This has to be damaging to social development. Eye contact, body language, and intonation are important social cues that have to be learned through practice. Will these be lost on the generation born after the millennium? What about those of us in the medical field who depend on our computers 100% for all of our information? Will this new generation have the finesse to read into their patients’ lives, or will they keep their noses in their laptops and forget that their is a live person in the room?
Unfortunately, I have no answers to any of these questions, but the trend away from non-verbal internpersonal communication is disturbing to me. I suppose people living in the 1950s said the same thing at the dawn of the television era. Admittedly, I love the convenience of my iphone and enjoy having a few moments alone every day with my ipad, but what happens when I want to take a break and step away from all the tech? I tried to cancel my Facebook account the other day–after several attempts, I realized it was fruitless. They have me in their system and they (whoever “they” are) aren’t letting go.
Back to the question about when to let a child have a cellphone. We have seen such an explosion of technology in the last few years. Just think, five years ago, there were no smartphones, ipads or droids; no facebook, twitter or you-tube. It is tempting to extend these priveleges to our children, especially since they are much more tech-savvy than we are. However, I think about how the world will have my child’s attention all too soon, so for me, I am going to hold off on the phone/email/texting/facebook with my kids as long as I can.
Being sick is no fun, but also with the crazy lives we lead with multiple commitments, family needs and personal needs, we just don’t have the time to be sick! I made a pact with myself that I would try to be healthier by incorporating a more healthful diet into my busy schedule as well as carve out some time for exercising. We need to also make sure we are doing those preventative things to keep from getting sick. I think that the most obvious preventative thing this time of year is getting the flu shot. This is important not only to keep ourselves from getting the flu, but also those around us that we love. I know, I can hear some of you now (my husband included) that the flu shot “makes me sick; doesn’t work; I have never gotten the vaccine and never gotten the flu so why should I start now….” The endless reasons we talk ourselves out of getting something that may prevent disease in the future. Please put all those excuses aside and consider getting yours this season to keep you healthy!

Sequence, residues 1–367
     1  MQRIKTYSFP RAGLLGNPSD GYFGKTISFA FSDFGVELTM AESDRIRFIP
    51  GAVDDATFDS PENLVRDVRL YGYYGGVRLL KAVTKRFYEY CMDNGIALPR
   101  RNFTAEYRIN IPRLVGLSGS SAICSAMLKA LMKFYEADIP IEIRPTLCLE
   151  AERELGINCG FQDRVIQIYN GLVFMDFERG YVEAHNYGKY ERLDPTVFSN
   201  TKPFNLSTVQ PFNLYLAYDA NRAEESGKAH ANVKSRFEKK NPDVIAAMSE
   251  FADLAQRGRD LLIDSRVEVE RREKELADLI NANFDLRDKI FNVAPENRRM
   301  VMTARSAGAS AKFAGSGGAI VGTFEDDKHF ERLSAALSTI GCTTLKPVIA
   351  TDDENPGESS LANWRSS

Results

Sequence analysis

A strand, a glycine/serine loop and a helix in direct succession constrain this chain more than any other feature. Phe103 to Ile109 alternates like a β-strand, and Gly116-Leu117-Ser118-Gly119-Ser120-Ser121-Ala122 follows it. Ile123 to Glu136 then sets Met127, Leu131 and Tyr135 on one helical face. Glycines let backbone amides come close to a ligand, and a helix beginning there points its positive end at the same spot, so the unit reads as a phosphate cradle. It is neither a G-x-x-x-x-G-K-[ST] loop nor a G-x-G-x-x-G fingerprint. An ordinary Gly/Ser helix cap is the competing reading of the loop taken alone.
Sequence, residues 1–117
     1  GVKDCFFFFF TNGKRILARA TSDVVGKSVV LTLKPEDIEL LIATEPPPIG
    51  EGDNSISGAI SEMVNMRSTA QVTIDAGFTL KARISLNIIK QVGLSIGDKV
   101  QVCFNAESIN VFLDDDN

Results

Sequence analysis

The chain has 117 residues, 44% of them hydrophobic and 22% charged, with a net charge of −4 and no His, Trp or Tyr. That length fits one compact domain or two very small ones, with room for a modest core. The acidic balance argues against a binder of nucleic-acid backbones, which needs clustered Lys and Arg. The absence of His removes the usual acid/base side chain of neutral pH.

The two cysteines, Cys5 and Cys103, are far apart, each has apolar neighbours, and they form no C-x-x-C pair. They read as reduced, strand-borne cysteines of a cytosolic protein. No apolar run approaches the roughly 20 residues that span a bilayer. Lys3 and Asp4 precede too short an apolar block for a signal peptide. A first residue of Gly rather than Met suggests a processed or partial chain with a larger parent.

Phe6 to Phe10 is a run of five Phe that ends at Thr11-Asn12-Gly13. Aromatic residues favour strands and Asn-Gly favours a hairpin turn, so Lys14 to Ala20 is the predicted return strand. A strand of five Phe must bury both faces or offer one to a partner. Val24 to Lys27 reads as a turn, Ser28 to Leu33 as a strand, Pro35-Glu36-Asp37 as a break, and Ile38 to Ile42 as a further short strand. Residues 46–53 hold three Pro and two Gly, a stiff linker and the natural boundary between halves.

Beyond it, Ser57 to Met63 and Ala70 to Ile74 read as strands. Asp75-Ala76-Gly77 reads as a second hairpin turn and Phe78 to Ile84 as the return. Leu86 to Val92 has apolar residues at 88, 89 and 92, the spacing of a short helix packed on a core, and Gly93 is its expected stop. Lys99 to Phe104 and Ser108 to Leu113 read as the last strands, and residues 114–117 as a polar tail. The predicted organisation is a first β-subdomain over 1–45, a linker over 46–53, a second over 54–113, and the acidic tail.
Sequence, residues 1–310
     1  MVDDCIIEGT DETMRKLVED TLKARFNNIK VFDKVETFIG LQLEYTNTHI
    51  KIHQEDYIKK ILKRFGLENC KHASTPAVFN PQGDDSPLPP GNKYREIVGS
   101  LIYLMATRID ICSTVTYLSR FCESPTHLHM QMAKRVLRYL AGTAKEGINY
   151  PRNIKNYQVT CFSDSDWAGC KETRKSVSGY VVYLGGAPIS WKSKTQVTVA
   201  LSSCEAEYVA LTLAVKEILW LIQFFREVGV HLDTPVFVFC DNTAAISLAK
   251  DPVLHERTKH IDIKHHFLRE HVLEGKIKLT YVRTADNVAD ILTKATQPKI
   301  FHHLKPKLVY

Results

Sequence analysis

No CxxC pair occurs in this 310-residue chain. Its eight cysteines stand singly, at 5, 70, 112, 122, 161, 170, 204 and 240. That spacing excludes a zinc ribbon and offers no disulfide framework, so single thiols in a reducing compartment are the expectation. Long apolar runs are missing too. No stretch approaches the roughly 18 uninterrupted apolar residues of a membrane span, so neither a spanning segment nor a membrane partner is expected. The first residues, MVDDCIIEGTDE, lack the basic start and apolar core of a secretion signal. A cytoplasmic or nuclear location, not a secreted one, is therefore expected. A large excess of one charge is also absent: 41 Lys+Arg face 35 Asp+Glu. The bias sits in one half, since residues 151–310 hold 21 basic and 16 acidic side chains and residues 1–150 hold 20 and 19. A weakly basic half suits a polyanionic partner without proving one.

We never know what bugs we are going to pick up around us but we do know how we can make ourselves as strong as possible to keep us healthy. We want you to be as healthy as possible on this journey of life and hope that you will make the commitment to leading a healthy life!
I am sitting here in beautiful Murrells Inslet, South Carolina. It is a small creek town on the water way where I really grew to know nd fall in love with my grandfather. This was not his hometownn but where he went to get away from it all. This place was his respite. A quiet, peaceful hiding place where he could go and rejuvenate, renew, recharge. It was in these waters, he would spend hours in his Boston Whaler, hours putting in crab traps, flounder gigging, meeting new friends, docking a restaraunt in the inslet to have a good meal. My grandfather was an amazing man, much of who I have become today is owed to him. It is tonight, in this place I sit thinking of how important it is to have time to slow down and rejuvenate.
We all live busy lives, many of us are working moms and many are stay at home moms. Either way, the responsibilities and work load is great and the time is little. We often get bogged down , overwhelmed, over stimulated in this world we live in. Do this, do that, be here, drop this child off, run this errand, deadlines, homework, dinners, cleaning…..it will never end…..
We have the choice to embrace this life and have the choice to say to ourselves, we are blessed to be busy…..at the same time we have the choice to let it get the best of us, to let these responsibilities overwhelm us. When this happens many of you, instead of taking a moment to breathe and regain composure, find themselves frustrated, irritable and overwhelmed. Our children take the brunt of this as well as our spouses. Our spouses who may be equally stressed and overwhelmed, often get pushed to the back burner and this cycle begins to put a strain on your marriage. (and I might add libido)